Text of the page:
Christopher Sherwood, aged 67, from Rotherham, was reminded of his time as a 17-year-old apprentice at Neepsend Steel training centre on Stevenson Road.
In 1971 he was tasked to manufacture components for navy ship HMS Sheffield, also known as The Shiny Sheff.
The Sheffield was the first ship to be lost in combat since World War Two and saw the death of 20 crew with 26 injured.
Chris said: “It just brought it back to my mind, because of all the telly, it being the 40th anniversary since she sank.
“I was in their apprentice shop and somebody contacted the training centre officer, who I think was a lady called Miss Bland.
“They must have been from the admiralty, and they just came to me and said they wanted a Sheffield apprentice to make part of HMS Sheffield,” he explained.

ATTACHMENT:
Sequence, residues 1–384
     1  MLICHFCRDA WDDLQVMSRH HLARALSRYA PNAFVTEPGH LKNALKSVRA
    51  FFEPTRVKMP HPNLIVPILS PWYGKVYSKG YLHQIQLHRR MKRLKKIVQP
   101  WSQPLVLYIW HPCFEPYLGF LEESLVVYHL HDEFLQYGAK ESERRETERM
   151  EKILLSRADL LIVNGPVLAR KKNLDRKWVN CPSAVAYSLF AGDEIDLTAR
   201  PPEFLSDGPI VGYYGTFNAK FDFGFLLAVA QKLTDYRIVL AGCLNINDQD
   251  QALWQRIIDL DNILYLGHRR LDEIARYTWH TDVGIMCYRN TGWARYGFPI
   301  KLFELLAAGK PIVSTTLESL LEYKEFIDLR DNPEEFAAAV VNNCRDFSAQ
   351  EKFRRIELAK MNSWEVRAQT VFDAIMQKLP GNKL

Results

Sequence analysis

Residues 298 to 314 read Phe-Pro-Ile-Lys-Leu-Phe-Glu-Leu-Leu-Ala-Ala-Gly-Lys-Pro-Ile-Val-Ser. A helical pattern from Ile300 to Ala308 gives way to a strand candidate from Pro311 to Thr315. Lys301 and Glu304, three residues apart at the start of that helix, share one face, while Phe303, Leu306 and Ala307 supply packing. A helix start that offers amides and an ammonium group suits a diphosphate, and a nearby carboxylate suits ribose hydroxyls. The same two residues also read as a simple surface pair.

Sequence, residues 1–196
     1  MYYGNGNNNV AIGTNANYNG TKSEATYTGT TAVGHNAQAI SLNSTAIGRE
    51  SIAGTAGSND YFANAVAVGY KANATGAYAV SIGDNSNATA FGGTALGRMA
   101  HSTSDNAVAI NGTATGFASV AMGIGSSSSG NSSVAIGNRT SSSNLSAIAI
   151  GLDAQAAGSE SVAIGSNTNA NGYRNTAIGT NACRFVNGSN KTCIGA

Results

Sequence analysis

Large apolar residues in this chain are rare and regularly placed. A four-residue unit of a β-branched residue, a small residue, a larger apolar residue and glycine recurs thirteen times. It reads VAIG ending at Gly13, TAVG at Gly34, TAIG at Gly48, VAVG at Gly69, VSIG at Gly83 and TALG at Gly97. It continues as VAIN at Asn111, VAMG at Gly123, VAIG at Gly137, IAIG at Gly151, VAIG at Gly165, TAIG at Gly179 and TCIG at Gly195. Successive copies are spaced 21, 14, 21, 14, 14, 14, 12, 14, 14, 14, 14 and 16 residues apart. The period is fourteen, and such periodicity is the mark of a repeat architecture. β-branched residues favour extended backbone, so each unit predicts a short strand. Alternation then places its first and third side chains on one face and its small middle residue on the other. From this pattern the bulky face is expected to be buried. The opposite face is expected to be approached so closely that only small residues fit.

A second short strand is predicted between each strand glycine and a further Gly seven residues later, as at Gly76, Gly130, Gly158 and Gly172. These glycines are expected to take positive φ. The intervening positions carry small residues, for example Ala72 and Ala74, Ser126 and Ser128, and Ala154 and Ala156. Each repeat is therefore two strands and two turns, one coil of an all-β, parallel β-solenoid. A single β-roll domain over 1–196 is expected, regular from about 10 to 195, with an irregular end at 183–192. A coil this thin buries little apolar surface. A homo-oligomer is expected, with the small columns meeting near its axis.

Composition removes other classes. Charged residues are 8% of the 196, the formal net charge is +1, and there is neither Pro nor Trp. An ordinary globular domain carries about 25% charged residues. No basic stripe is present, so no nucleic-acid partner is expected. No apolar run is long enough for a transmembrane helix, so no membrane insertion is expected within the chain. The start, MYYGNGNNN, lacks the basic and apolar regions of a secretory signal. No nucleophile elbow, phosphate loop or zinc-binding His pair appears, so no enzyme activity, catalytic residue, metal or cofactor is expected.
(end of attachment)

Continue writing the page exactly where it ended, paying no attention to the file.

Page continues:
“They asked if I was prepared to make items for the conference room portholes covers.
“They obviously wanted some Sheffield stainless steel and somebody from Sheffield to be part of HMS Sheffield.”
Chris added that they wanted the parts polishing to a mirror finish as well.
“I made 36 for 18 portholes in this particular conference room,” he said. “I wish I’d have made a spare one, and kept it for myself.”
HMS Sheffield is now listed as a war grave at its final resting place in the south Atlantic.
Chris said: “I occasionally thought about it – especially when it first sank. I haven't thought of it for a while though and then, just lately it just jogged my memory with all the coverage of the anniversary.”